“It is very confusing — what this means and what to do about it?” questioned Wendy Mistretta, Buffalo school parent, president, District Parent Coordinating Council.
The Buffalo Public School District is dealing with the fallout from the March 12 ransomware attack.
We’ve learned personal student, parent and teacher information has been breached.
Letters arrived Friday and over the weekend to school families and teachers indicating that private information could have been stolen in the cyber attack.
Mistretta says she received three letters about the ransomware attack targeting the district, letters to herself, son and daughter.
Mistretta's letter indicated a federal tax id number, address and bank account information might have been breached.
The student letters also indicates that information including date of birth, race/ethnicity and special education information may have been compromised.
“What was breached for you and your family?” asked Buckley.
“Well, it's not entirely clear still — so potential breach,” replied Mistretta.
Instructions were different on all three letters. Her son's letter gave a website for enrolling in identity theft monitoring services.
“And it says in both their letters that their parents information might be breached too, but there again is no offer to have identity monitoring services,” Mistretta explained.
“It’s not really clear. They know for sure it wasn't the social security number though, which means they do have clear indications of what was not taken,” noted Arun Vishwanath, cyber security expert, school parent.
Vishwanath says the district took too long to notify families.
“They could have right off — when this happened — told all the kids and all the parents — listen just lock the credits of all your children and yourself because there's no cost for doing that,” Vishwanath said.
Parents and the leader of the Buffalo Teachers' union are also upset that the letters came from an outside party, a company named Kroll, with no information directly from the city school district.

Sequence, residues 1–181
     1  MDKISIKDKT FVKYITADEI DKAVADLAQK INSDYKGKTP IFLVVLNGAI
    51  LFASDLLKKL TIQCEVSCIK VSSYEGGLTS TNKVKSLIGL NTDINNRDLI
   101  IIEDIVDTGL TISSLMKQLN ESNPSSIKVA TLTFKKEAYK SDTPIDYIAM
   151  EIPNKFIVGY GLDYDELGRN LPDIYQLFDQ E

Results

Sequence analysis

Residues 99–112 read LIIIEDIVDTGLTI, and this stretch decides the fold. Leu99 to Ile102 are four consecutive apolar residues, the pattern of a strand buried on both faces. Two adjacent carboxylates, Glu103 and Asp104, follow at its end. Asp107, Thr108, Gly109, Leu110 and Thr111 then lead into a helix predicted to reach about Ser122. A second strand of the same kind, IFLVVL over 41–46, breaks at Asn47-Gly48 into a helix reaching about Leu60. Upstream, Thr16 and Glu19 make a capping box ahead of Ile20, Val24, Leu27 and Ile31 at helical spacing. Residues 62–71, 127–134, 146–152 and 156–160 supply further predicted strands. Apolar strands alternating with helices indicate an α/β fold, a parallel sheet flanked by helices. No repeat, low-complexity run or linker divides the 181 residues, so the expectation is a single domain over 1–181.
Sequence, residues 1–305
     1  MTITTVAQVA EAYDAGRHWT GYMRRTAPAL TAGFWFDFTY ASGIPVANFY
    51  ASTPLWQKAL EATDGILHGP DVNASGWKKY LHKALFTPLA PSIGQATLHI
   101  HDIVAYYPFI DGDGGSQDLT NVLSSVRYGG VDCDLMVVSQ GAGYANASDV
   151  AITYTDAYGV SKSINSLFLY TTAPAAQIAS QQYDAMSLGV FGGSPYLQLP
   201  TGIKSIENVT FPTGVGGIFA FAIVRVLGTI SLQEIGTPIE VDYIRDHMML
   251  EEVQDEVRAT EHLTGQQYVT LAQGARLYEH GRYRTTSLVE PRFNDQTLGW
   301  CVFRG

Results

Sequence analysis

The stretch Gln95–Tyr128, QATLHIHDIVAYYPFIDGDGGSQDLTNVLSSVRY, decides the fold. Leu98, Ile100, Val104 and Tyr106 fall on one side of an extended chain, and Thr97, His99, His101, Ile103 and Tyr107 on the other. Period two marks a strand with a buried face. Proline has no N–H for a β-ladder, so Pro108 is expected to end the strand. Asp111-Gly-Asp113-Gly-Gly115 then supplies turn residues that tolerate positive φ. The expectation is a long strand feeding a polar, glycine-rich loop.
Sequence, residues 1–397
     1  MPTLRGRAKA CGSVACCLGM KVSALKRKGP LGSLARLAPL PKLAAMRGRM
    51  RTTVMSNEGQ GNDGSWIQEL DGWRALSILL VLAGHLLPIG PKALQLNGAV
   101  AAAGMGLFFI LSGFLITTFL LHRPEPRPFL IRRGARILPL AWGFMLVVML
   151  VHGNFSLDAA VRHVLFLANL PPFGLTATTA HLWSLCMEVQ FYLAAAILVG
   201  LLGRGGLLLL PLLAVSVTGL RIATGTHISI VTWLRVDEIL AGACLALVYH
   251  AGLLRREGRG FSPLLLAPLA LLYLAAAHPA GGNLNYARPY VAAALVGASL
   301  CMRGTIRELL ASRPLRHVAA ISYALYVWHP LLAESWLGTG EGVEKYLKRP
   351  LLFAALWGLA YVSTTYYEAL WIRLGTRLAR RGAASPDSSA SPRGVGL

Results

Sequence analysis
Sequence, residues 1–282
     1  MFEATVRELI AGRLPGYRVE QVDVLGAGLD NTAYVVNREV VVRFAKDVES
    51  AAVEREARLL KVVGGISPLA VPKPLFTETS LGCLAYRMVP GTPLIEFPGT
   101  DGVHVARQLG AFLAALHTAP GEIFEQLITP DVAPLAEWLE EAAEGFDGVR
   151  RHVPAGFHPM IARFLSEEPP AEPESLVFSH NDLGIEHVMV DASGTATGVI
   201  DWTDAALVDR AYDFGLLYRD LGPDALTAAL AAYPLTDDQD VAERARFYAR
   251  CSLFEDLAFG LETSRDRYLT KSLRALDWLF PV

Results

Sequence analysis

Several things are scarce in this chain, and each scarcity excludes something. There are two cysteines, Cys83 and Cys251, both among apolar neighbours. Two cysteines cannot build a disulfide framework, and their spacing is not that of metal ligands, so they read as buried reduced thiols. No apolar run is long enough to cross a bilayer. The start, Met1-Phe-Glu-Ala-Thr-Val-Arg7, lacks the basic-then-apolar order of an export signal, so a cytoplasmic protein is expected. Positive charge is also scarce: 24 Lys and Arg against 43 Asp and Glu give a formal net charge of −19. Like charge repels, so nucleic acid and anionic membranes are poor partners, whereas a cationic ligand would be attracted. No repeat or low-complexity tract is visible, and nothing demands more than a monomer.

“Friday evening, we started getting phone calls from teachers — what's this mail — what's this all about,” recalled Phil Rumore, president, Buffalo Teachers Federation.
Rumore says they are not blaming the district for the cyber attack, but for how it was handled.
“Any idea how many teachers received these letters?” Buckley questioned.
“No, we don’t. We’re surveying our teachers today to ask them if they've received the letter because there were some people that did not receive the letter,” responded Rumore.
The district issued a statement saying it secured the services of Kroll, a fraud and identity theft restoration service at “no cost":
"Information regarding anyone in our system may have been exposed in the attack. The Buffalo Public Schools has secured the services of Kroll to provide Fraud Consultation and Identity Theft Restoration at no cost to those in our system for one year. Kroll is a global leader in risk mitigation and response, and their team has extensive experience helping people who have sustained an unintentional exposure of confidential data.
As a precaution, Kroll has sent correspondence to any individual or vendor who may have had information exposed.
The FBI is still looking into our cyberattack as part of a larger group of investigations. Therefore, the District will not be commenting further on this matter at this time."
But letters to teachers indicated that employment data, direct deposit information and social security numbers may have been breached.
“Our teachers are very upset,” Rumore stated. “You know they have payroll deduction — checks go right into the bank, but you know something — the parents — their kids information — you know they should have been in contact with us right away.”
"It is a very confusing to have that information come from this outside service, Kroll,” Mistretta remarked.
“Right now this seems to be a bit more reactive because it’s now been 60 plus days since the breach,” noted Vishwanath.
There is still is no information on where the cyber attack originated from or if any demands were made to the district.
Vishwanath says the district needs to be more transparent about the exact data breach.